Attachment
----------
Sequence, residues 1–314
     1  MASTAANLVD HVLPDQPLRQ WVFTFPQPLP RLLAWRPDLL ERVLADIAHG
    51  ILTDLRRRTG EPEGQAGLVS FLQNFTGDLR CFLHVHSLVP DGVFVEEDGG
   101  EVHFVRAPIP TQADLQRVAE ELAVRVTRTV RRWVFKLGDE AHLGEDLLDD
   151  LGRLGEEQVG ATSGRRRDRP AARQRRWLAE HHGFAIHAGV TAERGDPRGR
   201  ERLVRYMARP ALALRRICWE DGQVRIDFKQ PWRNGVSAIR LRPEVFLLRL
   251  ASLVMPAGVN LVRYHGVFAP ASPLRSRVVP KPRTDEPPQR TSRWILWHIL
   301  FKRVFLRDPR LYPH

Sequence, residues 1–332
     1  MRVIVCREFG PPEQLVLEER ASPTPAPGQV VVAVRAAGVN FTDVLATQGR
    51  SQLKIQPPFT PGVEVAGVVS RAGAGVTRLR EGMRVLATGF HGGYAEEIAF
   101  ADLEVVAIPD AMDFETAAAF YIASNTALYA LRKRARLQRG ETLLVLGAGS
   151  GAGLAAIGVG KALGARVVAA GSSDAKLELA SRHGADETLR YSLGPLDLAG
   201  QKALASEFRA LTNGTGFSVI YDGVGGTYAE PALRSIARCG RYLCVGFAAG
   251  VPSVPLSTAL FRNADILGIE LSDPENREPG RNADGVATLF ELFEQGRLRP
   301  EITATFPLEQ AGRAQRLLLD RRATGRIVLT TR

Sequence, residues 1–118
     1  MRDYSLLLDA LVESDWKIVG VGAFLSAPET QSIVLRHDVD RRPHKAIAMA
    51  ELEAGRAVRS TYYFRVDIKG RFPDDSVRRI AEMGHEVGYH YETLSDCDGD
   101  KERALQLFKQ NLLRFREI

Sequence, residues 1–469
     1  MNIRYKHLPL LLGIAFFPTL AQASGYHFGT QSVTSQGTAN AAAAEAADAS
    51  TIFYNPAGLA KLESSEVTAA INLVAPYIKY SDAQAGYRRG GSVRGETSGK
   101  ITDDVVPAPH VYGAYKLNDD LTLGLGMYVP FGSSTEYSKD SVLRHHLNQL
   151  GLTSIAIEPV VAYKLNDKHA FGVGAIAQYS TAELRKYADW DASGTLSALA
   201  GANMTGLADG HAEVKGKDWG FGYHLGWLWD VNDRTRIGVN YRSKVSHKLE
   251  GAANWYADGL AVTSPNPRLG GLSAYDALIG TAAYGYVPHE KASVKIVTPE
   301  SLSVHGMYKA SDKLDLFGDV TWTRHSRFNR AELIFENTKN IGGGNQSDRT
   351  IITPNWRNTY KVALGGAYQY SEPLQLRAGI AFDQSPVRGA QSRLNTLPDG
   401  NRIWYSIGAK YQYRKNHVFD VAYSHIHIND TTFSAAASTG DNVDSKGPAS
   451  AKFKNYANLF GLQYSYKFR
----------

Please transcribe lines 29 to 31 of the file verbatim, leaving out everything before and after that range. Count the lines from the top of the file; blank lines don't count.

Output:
   351  IITPNWRNTY KVALGGAYQY SEPLQLRAGI AFDQSPVRGA QSRLNTLPDG
   401  NRIWYSIGAK YQYRKNHVFD VAYSHIHIND TTFSAAASTG DNVDSKGPAS
   451  AKFKNYANLF GLQYSYKFR